A few more bloggers got in on the appraisal conversation. Check out what
- Bren over at Slacker Managers has to say in his post, Performance appraisals bite? Check out the comments, too, there are several good ones.
- Rosa offers a second post with sage advice for those of you who are stuck with performance appraisals in, 5 Questions for Your Performance Appraisals.
- Dick, over at Come Gather Round offers his perspective about why we don’t stop using appraisals by sharing an interesting quote from his book.
Both Bren and Rosa write about how to make the best of it for those who are stuck with doing performance evaluations (both acknowledge that the idea of scrapping them is alluring).
Their point is well taken that many managers need to determine how to do the best they can with the tools they have been asked to use. But that is not my purpose for this series of posts. Perhaps I will join in on that conversation another day……
I don’t want to lose my focus, which is to discuss why scrapping appraisals is the way to go and strategies for improving and optimizing performance.
Let´s just say that you have convinced your company that using performance appraisals is not worth the time and energy involved.
Imagine a future without appraisal……… The fog has lifted and the sun beams down onto teams. It´s gonna be a swell day.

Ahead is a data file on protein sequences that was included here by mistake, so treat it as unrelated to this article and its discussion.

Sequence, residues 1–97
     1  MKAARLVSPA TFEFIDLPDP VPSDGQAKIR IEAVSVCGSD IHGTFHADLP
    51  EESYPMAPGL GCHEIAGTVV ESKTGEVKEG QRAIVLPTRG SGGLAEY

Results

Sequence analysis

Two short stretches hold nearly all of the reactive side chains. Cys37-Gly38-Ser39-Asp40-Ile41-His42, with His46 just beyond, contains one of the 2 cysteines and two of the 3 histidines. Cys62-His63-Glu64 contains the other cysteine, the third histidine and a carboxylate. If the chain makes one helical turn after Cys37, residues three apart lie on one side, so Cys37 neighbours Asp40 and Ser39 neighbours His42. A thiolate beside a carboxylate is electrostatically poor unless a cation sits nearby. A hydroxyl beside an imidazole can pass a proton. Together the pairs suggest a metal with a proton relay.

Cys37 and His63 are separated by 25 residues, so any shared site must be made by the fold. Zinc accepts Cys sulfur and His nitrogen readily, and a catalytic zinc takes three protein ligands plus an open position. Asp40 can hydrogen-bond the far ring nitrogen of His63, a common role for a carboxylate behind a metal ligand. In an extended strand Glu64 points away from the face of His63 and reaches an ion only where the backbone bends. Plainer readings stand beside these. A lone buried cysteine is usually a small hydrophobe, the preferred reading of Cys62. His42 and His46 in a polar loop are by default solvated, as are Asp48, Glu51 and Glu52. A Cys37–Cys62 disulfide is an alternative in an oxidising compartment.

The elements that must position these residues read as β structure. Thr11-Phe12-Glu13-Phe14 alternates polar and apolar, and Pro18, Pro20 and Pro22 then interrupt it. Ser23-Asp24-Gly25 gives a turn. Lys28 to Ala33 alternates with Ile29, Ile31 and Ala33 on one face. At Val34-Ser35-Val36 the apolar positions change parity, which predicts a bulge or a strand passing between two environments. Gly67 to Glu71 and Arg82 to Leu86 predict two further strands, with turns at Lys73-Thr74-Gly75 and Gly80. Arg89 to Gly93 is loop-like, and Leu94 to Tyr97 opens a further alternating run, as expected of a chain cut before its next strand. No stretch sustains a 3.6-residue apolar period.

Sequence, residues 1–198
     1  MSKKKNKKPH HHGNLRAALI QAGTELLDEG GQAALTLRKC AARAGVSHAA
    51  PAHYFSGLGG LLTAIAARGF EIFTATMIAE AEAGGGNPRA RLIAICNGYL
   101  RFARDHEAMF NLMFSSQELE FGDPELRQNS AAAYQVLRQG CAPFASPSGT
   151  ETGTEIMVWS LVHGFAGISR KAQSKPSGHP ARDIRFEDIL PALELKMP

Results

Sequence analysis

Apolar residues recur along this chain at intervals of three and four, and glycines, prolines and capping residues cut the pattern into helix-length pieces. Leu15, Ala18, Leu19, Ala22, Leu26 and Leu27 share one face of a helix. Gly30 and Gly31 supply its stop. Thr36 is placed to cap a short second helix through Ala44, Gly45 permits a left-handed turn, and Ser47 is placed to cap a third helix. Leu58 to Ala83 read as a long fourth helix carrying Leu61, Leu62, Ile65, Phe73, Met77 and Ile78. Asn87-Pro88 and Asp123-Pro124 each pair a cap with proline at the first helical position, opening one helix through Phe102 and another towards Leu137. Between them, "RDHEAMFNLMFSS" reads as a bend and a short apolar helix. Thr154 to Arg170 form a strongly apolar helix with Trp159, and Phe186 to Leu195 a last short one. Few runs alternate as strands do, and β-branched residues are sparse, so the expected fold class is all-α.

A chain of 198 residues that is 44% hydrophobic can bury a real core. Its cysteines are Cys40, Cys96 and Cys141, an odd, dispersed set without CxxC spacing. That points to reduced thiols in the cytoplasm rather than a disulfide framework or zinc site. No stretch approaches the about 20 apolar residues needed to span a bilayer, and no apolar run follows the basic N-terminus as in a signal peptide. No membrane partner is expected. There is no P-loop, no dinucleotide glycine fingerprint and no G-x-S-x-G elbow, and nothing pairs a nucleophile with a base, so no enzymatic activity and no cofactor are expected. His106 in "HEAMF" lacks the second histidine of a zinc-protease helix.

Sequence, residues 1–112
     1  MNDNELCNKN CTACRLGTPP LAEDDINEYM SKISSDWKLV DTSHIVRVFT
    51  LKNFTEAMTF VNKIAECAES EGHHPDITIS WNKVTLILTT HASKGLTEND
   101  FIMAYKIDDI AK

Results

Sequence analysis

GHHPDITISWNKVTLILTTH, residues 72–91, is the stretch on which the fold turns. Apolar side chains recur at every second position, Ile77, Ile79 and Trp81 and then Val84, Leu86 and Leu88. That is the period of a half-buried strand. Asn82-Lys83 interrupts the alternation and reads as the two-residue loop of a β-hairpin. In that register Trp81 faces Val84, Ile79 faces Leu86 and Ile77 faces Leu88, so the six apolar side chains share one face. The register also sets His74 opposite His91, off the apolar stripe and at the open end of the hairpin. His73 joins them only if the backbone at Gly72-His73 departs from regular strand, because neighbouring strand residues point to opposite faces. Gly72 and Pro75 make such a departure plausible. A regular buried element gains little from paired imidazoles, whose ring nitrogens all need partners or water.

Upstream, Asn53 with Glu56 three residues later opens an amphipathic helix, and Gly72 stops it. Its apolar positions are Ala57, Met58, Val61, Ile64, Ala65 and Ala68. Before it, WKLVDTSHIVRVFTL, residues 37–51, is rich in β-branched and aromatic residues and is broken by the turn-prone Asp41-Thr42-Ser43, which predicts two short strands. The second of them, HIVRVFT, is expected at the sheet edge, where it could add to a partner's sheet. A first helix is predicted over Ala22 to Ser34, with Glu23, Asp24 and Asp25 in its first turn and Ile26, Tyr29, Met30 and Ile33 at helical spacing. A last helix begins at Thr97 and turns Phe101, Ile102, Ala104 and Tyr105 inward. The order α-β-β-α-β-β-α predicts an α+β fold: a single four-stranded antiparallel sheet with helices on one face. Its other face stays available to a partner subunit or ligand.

Well, not quite. Stopping appraisals is a great step, but it does not mean that things will miraculously be wonderful.
A systemic approach to performance and results:
(Caveat – This is a blog, not a book or seminar. Unless this series is to go on for months, I need to keep things broad. I have mentioned and linked to several great resources for more details on the topic and you can feel free to ask any specific questions. You might want to start with Abolishing Performance Appraisals, by Tom Coens and Mary Jenkins.)
Organizations are systems and therefore any performance strategy or initiative worth it´s salt will address the various aspects of the system. This is likely one reason why corporations don´t change. You cannot implement one program or process and call it good.
If you really want to optimize performance, you will want to infuse the system with aligned practices, beliefs, and projects. Here´s what I mean by "the system:"??
- Structure: How is the work divvied up?
- Culture: What are the shared assumptions and beliefs? How do people generally feel about working for the company?
- Processes: Which processes influence the system´s performance? How are processes evaluated and maintained?
- Practices: How do people go about doing their work?
- Goals: What are the goals (stated and unstated) of the organization? To what degree are organization goals and group goals in alignment? Organization metrics: How is success defined and measured? How do individuals and teams know whether their work is meeting the organization´s goals?
- Communication and decision making processes: How and by whom are decisions made?
- Use of technology: How is technology being used? How are technology solutions enabling or getting in the way of results?
- Work flow: What are the steps that work follows from beginning to end? Where does the work flow slow down or stall?